This is from The Enterprise, my recently acquired treasure with many entrancing pages on Teluga and Oriya literacy. But enough of that, and back to the women missionary.
- A brother and sister Everett and Pearl Smith, of Saint Catherines were getting ready to give themselves to the work in India. God's call had reached them, and they were coming. Think of it. Two young people...
In 1893, the brother, Dr. Everett Smith, came out as our pioneer doctor, and with him his wife, Mary Chamberlain Smith, who had prepared herself for the work by taking a nurse's training. In 1895 his sister, Dr. Pearl Smith, had graduated, and came out to marry Rev. Jesse Chute and go off pioneering with him on the great Akidu field, of which he had been put in charge, to relieve the Craigs, who were going on furlough.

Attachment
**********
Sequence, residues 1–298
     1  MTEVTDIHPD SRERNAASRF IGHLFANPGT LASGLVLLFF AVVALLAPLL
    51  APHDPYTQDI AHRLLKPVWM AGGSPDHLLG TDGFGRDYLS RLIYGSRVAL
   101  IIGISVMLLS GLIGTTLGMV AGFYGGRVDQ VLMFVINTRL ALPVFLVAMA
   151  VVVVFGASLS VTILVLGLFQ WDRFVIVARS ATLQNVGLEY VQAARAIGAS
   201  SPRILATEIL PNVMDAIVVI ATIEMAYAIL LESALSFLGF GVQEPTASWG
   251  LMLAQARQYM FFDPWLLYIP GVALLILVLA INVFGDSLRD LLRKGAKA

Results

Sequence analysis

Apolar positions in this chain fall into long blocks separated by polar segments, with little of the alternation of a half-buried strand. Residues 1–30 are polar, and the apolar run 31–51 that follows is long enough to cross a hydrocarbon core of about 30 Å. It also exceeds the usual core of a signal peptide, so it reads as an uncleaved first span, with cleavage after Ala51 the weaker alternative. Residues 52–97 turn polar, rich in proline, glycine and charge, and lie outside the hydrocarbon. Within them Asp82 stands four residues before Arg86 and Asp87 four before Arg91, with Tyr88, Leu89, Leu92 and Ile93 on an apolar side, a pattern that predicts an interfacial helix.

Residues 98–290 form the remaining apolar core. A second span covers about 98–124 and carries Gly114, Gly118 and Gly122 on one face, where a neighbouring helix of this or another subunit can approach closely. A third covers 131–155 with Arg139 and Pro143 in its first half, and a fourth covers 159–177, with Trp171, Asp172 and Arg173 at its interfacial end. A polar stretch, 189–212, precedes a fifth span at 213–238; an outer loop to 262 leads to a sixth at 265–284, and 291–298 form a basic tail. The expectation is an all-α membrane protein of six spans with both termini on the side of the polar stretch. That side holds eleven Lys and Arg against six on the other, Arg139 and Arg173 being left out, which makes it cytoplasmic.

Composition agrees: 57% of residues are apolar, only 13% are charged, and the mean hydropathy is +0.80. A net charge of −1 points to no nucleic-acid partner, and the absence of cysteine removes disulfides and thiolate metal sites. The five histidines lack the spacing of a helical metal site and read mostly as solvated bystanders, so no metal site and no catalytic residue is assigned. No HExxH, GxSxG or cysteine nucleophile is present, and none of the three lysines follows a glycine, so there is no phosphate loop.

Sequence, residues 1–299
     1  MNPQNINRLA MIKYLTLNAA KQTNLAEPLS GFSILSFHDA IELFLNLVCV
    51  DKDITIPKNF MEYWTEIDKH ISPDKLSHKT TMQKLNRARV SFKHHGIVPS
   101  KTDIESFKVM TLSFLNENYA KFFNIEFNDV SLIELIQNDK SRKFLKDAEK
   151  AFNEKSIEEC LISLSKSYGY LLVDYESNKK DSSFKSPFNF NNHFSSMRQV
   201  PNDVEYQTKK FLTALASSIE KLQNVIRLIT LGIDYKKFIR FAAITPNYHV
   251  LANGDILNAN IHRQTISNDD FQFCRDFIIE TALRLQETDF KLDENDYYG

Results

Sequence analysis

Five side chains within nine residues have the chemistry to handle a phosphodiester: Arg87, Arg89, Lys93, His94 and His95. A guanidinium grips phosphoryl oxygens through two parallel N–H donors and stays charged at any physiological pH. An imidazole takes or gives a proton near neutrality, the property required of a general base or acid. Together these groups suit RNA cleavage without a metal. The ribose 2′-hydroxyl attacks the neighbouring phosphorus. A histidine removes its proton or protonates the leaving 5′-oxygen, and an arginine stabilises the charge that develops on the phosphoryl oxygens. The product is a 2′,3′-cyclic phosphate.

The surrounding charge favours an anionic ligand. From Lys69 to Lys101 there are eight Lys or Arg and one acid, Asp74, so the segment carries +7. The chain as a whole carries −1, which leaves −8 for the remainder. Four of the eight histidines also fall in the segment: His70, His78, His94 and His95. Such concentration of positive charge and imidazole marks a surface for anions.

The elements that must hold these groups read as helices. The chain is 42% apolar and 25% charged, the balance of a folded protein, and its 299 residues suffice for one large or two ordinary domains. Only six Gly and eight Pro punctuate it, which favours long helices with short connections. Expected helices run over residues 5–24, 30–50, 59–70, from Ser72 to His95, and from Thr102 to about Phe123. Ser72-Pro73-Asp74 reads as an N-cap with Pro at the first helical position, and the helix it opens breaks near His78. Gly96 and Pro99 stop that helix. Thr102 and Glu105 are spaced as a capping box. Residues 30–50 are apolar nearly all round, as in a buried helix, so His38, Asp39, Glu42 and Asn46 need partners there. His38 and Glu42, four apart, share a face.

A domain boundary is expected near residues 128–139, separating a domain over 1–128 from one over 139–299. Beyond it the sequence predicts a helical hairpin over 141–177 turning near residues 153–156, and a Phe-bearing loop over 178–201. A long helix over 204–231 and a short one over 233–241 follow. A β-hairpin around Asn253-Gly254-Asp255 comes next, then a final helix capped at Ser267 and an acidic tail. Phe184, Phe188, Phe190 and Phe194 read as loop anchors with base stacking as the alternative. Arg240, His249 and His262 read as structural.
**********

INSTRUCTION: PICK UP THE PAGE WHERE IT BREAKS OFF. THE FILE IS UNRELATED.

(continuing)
It was a grand field for medical pioneering, as there was no other hospital nearer than fourty miles, and from the first the people living in between kept her extremely busy. She had nowhere to put a patient, but all the same that first year she treated 1,642 people. We would earnestly commend these figures to the honest consideration of many otherwise perfectly good young medical graduates - doctors in our Canadian cities who after a long and expensive training have to sit in rented offices anxiously waiting for some patients to come their way.. Why not come to India or some other foreign field where they are waiting for you?
- Quite frequently Mrs. Chute had to go by night to distant villages, in answer to S.O.S. calls, and was often put to it to properly care for a patient without hospital or equipment. But in 1898 that want was partly supplied. A small hospital, "The Star of Hope", was built and forthwith occupied.
That was Christian womanhood in Canada in the 1890's. This book does not record that her husband went with her on those night excursions. He likely had other work to do. If any ask if the daughter may be given the same kind of Christian upbringing as her brother, the answer is yes.